It’s the Winter Solstice, shortest day of the year – in the Northern Hemisphere, it’s the opposite in the Southern. Yule, or Midwinter comes just a few days before Christmas. They were probably synchronised at one time before changes to the calendar caused them to drift apart.
It’s an important time for farmers and gardeners but also for hens. Their wild ancestors didn’t lay eggs for our benefit, they laid them to produce their children and the short, dark days mean cold weather is on the way. Not the most sensible time to lay your eggs when they or the chicks are likely to freeze.
Despite our selective breeding for thousands of years to get more and more eggs, hens react to short daylight by not laying as frequently, if at all, in winter. Eggs used to attract a premium price in winter because they were in short supply.
The poultry farmers tried all sorts of things to increase winter laying. Some tried heating the hen houses, some tried special diets and others combinations of both but the hens stubbornly refused to lay as many eggs in winter.
Then two things happened, well three actually, which solved the farmers’ problem and gave us eggs basically as cheap in winter as summer. First they found the secret was to replace the lack of real daylight with artificial light to fool the hens into thinking the days were longer than they were.
That wouldn’t have been of much value without electric light, though. Candles and oil lamps don’t mix too well in wooden hen houses with lots of straw and curious birds ready to knock over the lamp.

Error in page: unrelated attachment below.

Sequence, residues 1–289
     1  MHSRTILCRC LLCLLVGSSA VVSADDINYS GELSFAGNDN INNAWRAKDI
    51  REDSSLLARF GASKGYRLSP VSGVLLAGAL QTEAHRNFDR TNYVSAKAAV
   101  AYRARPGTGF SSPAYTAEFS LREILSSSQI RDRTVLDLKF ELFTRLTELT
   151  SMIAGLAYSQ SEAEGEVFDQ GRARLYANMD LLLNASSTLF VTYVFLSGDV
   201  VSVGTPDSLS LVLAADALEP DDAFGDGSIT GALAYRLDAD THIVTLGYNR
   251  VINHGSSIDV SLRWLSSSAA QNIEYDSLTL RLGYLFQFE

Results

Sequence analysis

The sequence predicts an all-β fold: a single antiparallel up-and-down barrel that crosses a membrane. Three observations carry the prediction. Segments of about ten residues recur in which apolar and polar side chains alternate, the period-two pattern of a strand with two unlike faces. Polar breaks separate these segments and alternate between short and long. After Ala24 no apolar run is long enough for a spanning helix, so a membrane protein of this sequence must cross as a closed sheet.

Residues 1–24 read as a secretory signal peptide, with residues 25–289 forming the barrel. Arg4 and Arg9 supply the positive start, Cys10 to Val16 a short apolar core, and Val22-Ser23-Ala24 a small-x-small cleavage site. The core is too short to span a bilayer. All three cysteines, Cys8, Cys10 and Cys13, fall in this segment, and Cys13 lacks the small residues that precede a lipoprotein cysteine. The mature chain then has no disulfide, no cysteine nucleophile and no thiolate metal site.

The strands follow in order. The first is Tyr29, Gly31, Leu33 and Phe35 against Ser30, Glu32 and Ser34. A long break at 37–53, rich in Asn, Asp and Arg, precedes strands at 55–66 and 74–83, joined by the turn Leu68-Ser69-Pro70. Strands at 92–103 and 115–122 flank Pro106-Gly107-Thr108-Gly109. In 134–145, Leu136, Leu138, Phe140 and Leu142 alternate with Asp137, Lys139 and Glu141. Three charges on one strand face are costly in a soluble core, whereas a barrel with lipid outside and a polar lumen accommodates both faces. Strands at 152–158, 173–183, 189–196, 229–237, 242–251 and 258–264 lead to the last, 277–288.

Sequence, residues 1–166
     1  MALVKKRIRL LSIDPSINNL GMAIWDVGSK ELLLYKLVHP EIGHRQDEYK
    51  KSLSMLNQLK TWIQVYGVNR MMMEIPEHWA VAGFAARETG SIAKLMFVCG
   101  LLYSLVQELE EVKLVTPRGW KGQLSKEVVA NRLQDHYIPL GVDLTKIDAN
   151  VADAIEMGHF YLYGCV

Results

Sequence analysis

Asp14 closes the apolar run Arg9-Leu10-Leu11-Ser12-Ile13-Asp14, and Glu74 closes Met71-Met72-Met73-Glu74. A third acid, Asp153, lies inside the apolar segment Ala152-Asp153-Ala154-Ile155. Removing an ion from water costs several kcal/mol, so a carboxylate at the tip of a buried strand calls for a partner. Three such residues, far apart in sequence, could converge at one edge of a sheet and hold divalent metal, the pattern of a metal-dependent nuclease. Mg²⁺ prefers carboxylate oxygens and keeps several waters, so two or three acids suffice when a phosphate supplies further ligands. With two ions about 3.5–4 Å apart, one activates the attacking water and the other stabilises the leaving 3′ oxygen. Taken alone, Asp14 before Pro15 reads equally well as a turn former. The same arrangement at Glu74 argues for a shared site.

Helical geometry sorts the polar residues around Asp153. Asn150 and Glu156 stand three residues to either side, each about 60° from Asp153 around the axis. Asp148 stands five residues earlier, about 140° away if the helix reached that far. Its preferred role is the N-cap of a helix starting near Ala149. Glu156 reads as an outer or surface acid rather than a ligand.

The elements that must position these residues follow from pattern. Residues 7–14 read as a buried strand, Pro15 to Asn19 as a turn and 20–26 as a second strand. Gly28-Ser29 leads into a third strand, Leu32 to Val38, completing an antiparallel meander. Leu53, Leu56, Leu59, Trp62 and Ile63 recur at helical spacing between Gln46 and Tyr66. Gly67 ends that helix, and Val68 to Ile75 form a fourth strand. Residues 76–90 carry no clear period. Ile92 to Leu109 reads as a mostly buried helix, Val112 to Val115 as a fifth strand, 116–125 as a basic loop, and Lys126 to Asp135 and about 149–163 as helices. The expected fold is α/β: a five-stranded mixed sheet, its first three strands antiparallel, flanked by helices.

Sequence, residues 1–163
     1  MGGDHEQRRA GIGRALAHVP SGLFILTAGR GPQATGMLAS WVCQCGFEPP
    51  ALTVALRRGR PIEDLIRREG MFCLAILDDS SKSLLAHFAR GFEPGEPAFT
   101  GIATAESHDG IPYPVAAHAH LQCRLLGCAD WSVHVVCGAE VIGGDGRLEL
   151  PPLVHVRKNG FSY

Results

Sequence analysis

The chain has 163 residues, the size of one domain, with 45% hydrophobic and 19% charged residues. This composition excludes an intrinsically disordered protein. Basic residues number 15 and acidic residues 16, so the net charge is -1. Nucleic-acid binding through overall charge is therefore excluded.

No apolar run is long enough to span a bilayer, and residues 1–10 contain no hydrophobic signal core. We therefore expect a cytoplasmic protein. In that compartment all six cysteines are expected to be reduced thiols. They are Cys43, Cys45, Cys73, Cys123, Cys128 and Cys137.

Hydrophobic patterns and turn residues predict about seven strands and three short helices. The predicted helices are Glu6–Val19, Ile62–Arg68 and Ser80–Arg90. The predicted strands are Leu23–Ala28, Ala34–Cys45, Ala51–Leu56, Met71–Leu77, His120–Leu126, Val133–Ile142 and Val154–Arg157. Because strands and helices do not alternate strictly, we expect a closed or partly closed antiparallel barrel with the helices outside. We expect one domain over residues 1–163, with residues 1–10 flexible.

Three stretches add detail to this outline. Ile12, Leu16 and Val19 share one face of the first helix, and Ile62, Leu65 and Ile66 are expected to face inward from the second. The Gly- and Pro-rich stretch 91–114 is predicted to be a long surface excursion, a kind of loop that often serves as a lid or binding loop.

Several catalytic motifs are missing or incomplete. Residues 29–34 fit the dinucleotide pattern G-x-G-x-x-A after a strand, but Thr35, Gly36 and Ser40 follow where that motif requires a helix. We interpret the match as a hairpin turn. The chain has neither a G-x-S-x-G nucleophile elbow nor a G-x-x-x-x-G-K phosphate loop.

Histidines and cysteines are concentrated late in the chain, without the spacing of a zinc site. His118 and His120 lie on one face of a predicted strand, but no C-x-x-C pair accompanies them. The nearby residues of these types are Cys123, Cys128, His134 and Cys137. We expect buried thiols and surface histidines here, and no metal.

The final factor was the development of hybrid layers. It was discovered that by crossing to lines of good layers, the offspring were fantastic layers. Even without extended daylight they lay almost all year round.
Merry Christmas & A Happy New Year
There are many myths and legends connecting animals to the 12 days of Christmas and Yule in folklore.
In 1223, St Francis of Assisi received Papal permission to use live animals to recreate the nativity of Jesus and folklore now says the Christmas animals of the stable have the ability to speak for an hour at midnight on Christmas Eve.
But before you creep out to the chicken coop as midnight arrives, beware! In Eastern European countries it is considered very bad luck to catch them talking. They are said to predict the death of their masters. In Britain the folklore says the Christmas animals can not make use of their gift where people may hear.
We hope you have a wonderful Yuletide, Christmas and a very Happy New Year.
Cara, Gary & Gabriel, John & Val and all the ladies – especially the 3 Charlie Browns who will probably be having a good gossip at midnight.